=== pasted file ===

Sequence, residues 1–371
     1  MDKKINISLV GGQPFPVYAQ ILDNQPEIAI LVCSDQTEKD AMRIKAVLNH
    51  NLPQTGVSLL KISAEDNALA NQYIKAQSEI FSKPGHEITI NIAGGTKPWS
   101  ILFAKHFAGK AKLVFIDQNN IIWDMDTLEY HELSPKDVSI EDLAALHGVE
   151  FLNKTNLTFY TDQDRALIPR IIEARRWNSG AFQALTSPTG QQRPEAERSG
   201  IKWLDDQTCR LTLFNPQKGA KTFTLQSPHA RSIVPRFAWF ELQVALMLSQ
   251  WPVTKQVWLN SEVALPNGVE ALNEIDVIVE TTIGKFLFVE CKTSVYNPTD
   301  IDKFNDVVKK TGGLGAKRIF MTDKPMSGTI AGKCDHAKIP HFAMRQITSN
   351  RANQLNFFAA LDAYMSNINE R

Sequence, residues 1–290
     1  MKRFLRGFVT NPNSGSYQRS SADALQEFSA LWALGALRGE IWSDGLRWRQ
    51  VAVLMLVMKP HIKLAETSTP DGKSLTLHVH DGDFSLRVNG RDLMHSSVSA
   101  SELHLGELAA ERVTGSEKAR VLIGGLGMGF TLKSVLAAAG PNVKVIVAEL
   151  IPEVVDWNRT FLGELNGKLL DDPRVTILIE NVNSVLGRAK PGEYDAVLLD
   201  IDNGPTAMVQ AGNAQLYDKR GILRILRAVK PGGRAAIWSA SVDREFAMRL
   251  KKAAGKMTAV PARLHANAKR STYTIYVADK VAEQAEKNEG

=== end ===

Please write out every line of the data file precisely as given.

Sequence, residues 1–371
     1  MDKKINISLV GGQPFPVYAQ ILDNQPEIAI LVCSDQTEKD AMRIKAVLNH
    51  NLPQTGVSLL KISAEDNALA NQYIKAQSEI FSKPGHEITI NIAGGTKPWS
   101  ILFAKHFAGK AKLVFIDQNN IIWDMDTLEY HELSPKDVSI EDLAALHGVE
   151  FLNKTNLTFY TDQDRALIPR IIEARRWNSG AFQALTSPTG QQRPEAERSG
   201  IKWLDDQTCR LTLFNPQKGA KTFTLQSPHA RSIVPRFAWF ELQVALMLSQ
   251  WPVTKQVWLN SEVALPNGVE ALNEIDVIVE TTIGKFLFVE CKTSVYNPTD
   301  IDKFNDVVKK TGGLGAKRIF MTDKPMSGTI AGKCDHAKIP HFAMRQITSN
   351  RANQLNFFAA LDAYMSNINE R

Sequence, residues 1–290
     1  MKRFLRGFVT NPNSGSYQRS SADALQEFSA LWALGALRGE IWSDGLRWRQ
    51  VAVLMLVMKP HIKLAETSTP DGKSLTLHVH DGDFSLRVNG RDLMHSSVSA
   101  SELHLGELAA ERVTGSEKAR VLIGGLGMGF TLKSVLAAAG PNVKVIVAEL
   151  IPEVVDWNRT FLGELNGKLL DDPRVTILIE NVNSVLGRAK PGEYDAVLLD
   201  IDNGPTAMVQ AGNAQLYDKR GILRILRAVK PGGRAAIWSA SVDREFAMRL
   251  KKAAGKMTAV PARLHANAKR STYTIYVADK VAEQAEKNEG